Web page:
What is an ITIN, and do I need one?
An ITIN, or Individual Taxpayer Identification Number, is a tax processing number only available for certain nonresident and resident aliens, spouses, and dependents who cannot get a Social Security Number (SSN). It is a 9-digit number, beginning with the number “9”, formatted like an SSN (NNN-NN-NNNN).
The application process of an ITIN can be tedious, lengthy, and confusing as well. At Marigu Consulting, we help you through this process to get you compliant with the law by filing your taxes.CONTACT US
ITIN stands for Individual Taxpayer Identification Number. This is a nine-digit number that begins with the number “9” and is used for processing an individual’s tax information. The ITIN is necessary for an individual who does not qualify for a social security number but needs an ID number for US tax purposes. The IRS issues ITINs after the application process is completed correctly.
Individuals who are not eligible to obtain social security numbers but have reporting and filing requirements with the IRS need to get an ITIN to complete their related tax returns. Following are some examples of people who must receive an ITIN:
- A resident or nonresident alien who is required to file a US income tax return
- A spouse or dependent of a US citizen or resident alien
- A spouse or dependent of a nonresident alien who holds a visa
- A nonresident alien who needs to file a tax return to claim a tax refund
No, the law does not allow an alien individual to have both an ITIN and an SSN. If you have applied for an SSN, do not apply for an ITIN unless you receive a letter from the Social Security Administration rejecting your application because an SSN cannot be issued.
You can apply for an ITIN via mail to the IRS:
The Form W7 is completed, signed, and filed along with a federal income tax return. These documents are mailed to the ITIN operation unit and an original, unexpired foreign passport, a certified copy, or two other qualifying identification documents (as detailed below). You will receive your original documents back from the IRS via mail within 60 days (plus 5 days to allow mailing and delivery delays).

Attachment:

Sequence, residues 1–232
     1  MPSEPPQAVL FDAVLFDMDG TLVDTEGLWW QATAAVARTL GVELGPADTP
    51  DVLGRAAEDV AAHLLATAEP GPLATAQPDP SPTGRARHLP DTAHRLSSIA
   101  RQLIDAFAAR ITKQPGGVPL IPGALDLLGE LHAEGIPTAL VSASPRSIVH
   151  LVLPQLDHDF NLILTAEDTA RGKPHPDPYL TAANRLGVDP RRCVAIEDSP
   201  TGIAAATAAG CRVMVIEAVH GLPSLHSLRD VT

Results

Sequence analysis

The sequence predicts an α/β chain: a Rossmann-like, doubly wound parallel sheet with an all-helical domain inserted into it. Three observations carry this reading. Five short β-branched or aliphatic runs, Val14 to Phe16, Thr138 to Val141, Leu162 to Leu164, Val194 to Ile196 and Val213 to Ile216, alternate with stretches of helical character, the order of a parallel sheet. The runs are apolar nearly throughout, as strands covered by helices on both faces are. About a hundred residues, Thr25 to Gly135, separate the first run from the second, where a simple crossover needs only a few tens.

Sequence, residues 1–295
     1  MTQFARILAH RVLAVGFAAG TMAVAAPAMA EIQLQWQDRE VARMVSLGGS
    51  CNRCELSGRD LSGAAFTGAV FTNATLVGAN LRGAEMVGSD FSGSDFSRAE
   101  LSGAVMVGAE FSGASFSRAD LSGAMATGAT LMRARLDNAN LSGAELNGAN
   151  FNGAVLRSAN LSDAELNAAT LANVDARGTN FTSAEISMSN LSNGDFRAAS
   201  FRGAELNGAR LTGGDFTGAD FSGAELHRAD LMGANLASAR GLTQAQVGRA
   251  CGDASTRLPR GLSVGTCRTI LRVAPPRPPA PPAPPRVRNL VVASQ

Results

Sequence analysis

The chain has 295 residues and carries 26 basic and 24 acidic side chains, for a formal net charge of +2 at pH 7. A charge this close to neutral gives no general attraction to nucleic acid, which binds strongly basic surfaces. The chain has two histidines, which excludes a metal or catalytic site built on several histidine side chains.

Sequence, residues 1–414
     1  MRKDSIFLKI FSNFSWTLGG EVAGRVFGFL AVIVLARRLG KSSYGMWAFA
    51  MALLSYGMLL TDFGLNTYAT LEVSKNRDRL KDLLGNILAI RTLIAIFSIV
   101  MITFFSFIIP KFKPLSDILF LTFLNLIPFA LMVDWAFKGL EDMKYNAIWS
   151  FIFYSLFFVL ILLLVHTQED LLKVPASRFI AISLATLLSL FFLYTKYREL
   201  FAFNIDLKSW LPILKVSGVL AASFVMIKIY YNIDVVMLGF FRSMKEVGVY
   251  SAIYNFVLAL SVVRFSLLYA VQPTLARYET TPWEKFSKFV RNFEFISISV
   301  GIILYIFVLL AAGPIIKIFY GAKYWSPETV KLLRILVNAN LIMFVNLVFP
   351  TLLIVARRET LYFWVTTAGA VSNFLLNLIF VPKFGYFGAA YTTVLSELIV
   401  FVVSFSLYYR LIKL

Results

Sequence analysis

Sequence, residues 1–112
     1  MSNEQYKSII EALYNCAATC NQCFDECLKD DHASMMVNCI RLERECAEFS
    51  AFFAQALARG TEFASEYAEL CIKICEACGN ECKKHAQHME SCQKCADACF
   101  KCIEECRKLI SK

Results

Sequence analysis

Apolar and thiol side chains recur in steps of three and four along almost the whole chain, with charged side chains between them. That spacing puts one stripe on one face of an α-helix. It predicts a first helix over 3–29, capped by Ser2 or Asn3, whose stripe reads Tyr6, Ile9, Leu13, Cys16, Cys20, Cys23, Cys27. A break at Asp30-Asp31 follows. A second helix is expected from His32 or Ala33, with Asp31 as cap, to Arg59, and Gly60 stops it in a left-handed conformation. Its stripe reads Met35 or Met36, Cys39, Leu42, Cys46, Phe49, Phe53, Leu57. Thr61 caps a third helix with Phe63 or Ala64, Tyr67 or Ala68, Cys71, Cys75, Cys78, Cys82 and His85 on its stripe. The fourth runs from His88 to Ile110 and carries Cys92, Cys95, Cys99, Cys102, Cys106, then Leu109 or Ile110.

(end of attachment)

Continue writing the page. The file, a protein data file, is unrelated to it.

What documents, besides a Foreign Passport, will suffice for the ITIN application?
If you do not provide a passport, (a passport is the only stand-alone document) then you will have to provide at least two current other documents that together contain your name and photograph and prove your foreign status. Both foreign status and identity have to be proven with these documents. The requirement for a photograph does not apply to a dependent under the age of 14 (18 if student).
The following chart is published by the IRS to provide clear guidance on what documents qualify and what proof they provide: Click here
Yes, Primary, secondary, and dependent persons may submit W-7 applications in person (with original documents) at designated IRS Taxpayer Assistance Centers (TAC). Designated Taxpayer Assistance Centers will certify only original, and copies certified by the issuing agency passports and National ID cards.
Service at the TAC is by appointment only. Appointments can be scheduled by calling 844-545-5640. See IRS.gov for a list of designated TACs that offer ITIN document authentication services.
For additional instructions on how to apply for the ITIN, CLICK HERE